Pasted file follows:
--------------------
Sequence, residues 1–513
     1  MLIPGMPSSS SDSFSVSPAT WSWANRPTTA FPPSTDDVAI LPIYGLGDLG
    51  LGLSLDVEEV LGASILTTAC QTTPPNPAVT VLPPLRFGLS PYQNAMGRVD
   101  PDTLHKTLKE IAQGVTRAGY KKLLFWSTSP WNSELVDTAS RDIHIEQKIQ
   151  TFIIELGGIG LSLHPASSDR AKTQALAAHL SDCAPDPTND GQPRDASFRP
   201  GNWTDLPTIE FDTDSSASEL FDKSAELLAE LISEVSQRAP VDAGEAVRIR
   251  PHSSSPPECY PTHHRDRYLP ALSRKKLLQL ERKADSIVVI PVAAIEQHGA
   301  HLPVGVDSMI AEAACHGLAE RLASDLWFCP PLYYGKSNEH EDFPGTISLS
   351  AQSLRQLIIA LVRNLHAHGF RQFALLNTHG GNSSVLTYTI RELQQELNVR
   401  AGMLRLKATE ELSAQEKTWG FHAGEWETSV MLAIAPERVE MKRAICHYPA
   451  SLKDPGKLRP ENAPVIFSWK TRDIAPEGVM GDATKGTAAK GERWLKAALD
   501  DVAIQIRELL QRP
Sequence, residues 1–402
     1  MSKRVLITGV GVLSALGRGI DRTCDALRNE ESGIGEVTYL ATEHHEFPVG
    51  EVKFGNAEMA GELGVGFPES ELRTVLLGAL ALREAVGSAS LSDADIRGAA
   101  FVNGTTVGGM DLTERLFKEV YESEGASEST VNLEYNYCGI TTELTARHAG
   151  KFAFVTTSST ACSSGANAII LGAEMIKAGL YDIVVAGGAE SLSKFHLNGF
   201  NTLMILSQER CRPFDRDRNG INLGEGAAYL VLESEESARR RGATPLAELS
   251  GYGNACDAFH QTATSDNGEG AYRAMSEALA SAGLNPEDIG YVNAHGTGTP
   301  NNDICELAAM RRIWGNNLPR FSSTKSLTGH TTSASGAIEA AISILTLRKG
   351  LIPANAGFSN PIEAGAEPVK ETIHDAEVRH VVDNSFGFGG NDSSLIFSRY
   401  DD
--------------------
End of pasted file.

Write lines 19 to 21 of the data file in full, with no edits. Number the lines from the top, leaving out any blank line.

   251  GYGNACDAFH QTATSDNGEG AYRAMSEALA SAGLNPEDIG YVNAHGTGTP
   301  NNDICELAAM RRIWGNNLPR FSSTKSLTGH TTSASGAIEA AISILTLRKG
   351  LIPANAGFSN PIEAGAEPVK ETIHDAEVRH VVDNSFGFGG NDSSLIFSRY